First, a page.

Unpacking this, there are at least two serious distortions here. For one thing, it equates “conflict theorist” with leftism or a pro-democracy stance, which oddly ignores the entire neoreactionary movement, which is very much a conflict theory with an anti-democratic stance ( SSC has written extensively about neoreaction in the past, so this is a kind of weird omission).

For the other thing, it also equates conflict theory with both millenarianist utopianism and manicheanism – a belief system of dreamers for whom politics is a utopian fantasy (“once and for all”) rather than an actual daily struggle. While I՚m sure there are people like that, it ignores 95% of the ordinarily politically active people, who are conflict theorists simply because it՚s a very ordinary aspect of life and a defining feature of political life.

So the attempt to describe conflict theory doesn՚t seem very convincing, even given the explicitly cartoonish aspect of what he՚s trying to do. You can really feel that an effort is being made to be generous to a foreign and distasteful worldview, and that the effort is not really that successful.

Wishing away conflict

He՚s perfectly aware that conflict is a real feature of political life, of course – you՚d have to be kind of idiotic to think otherwise. But, he also seems to think it can be magicked away somehow. Here՚s a quote from a follow-up post:
Politics is about having conflict. Mistake-theorists would love to become post-political, in the sense of circumventing all conflicts. Conflicts actually happening as conflicts is a failure, deadweight loss. This wouldn’t mean that nobody has different interests. It would mean that those different interests play out in some formalized way that doesn’t look conflict-y.
These ideas don’t deny the existence of conflict – they just represent a desire to avoid it rather than win it.
So mistake theorists do acknowledge conflicting interests, they just want those conflicts to be settled in “some formalized way that doesn՚t look conflict-y”. I am not sure what this means. We actually do have really existing formalized ways of dealing with conflict, such as the judicial system, but that is plenty “conflict-y”. To be sure, it՚s a better, less damaging kind of conflict than (eg) blood vendetta, but still fundamentally conflictual in its nature.

The idea of a non-conflict-y way of settling conflict doesn՚t actually make any conceptual sense, if you think about it for ten seconds. War, lawsuits, arguments, and coin tosses are all ways of settling conflict. Some are more civilized than others, but all are equally conflict-y, because a way of settling conflict sort of has to be.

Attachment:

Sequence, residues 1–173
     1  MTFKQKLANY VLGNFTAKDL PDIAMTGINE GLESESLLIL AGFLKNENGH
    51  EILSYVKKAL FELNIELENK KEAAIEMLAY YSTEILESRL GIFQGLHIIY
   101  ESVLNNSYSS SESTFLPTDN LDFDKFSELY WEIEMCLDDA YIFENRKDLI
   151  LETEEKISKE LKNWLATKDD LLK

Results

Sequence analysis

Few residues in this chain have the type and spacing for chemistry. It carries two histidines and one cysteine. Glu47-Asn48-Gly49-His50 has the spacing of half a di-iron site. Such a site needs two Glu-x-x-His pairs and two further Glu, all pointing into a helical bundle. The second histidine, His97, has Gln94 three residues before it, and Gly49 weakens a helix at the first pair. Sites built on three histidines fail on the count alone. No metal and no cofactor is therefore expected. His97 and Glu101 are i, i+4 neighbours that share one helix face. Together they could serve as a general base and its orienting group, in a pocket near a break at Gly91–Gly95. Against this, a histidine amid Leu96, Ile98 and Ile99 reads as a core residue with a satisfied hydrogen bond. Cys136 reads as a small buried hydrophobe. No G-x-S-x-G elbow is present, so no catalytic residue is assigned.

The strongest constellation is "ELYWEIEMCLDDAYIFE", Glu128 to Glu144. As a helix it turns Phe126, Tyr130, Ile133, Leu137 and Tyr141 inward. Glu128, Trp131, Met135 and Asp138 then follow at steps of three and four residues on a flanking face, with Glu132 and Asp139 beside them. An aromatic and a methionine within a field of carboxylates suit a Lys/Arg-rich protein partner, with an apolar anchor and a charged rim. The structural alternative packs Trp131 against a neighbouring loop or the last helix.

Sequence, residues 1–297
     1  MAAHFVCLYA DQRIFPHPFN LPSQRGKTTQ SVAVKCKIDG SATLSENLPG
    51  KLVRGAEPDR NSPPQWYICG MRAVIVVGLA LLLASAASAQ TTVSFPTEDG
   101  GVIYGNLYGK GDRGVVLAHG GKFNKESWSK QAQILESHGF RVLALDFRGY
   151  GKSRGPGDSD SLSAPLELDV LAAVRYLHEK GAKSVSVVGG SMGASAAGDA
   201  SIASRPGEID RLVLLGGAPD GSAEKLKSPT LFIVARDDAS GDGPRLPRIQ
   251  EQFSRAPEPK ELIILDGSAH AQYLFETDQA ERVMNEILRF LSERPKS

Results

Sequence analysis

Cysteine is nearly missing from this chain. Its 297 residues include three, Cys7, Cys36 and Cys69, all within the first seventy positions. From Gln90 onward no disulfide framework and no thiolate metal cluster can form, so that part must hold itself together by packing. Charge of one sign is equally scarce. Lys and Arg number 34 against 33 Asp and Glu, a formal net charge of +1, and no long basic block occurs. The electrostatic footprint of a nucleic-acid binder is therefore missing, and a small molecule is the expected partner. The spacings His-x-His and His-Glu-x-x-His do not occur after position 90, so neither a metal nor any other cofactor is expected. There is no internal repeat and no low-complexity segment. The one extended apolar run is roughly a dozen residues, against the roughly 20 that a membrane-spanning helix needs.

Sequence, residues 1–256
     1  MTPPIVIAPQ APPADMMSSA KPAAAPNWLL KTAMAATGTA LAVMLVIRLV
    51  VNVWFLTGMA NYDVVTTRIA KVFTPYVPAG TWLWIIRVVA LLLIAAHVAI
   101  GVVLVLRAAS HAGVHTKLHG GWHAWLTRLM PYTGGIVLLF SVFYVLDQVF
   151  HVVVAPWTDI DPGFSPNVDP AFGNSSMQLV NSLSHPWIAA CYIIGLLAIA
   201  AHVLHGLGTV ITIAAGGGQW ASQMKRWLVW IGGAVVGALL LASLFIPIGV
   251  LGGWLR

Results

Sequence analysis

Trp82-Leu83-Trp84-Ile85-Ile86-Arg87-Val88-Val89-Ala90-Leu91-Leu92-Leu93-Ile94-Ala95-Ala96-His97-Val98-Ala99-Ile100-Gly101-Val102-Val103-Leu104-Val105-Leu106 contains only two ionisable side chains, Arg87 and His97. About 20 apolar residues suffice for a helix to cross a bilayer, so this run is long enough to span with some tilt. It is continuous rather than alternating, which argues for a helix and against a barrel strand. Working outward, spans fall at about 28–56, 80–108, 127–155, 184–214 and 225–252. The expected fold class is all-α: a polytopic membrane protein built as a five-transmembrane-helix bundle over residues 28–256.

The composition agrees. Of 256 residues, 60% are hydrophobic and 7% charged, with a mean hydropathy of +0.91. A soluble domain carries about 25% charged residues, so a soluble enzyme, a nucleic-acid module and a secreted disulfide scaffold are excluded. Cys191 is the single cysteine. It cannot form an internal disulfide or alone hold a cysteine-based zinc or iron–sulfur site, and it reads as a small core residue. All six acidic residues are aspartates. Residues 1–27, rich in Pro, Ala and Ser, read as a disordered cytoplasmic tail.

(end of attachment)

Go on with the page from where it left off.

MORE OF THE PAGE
What would a non-conflicty-y method even look like? The examples he gives are various libertarian utopian schemes where people who disagree simply sort and separate themselves geographically, so you end up with a bunch of different polities each coalesced around shared values. In other words it is a way of avoiding (as opposed to settling) a conflict, so I guess that is actually kind of non-confict-y (whether it realistic or desirable is another question).

Now, if the above quote was rephrased to say “different interests play out in some formalized way that is nonviolent or less violent”, then it would make far more sense. Lawsuits and war are both conflicts but one is far more violent and damaging than the other, and it would be good to try to get people to use the less harmful and costly methods. But I don՚t think Scott is making an argument for nonviolence, at least in the usual sense, given that the leading practitioners of nonviolence (Gandhi, King) were most assuredly not avoiding conflict, but actively engaging in it with nonviolent methods.

God must like conflict or he wouldn՚t have made so much of it

There are plenty of good reasons to have a distaste for political conflict. It can be kind of brain-numbing, it encourages sloganeering rather than deep thinking, and in our present environment relies on a rather toxic process of demonizing opponents (and a correspondingly moral self-regard which might be even more corrosive). It seems to be part of a world grounded on brute force which is anathema to the higher values of civilized society, including morality and justice. Certainly the world would be a better place if we could stop fighting and solve our collective problems through the application of reason. Of the four horsemen of the apocalypse (war, famine, disease, death), war is the only one that seems like it could be easily prevented by simply not doing it.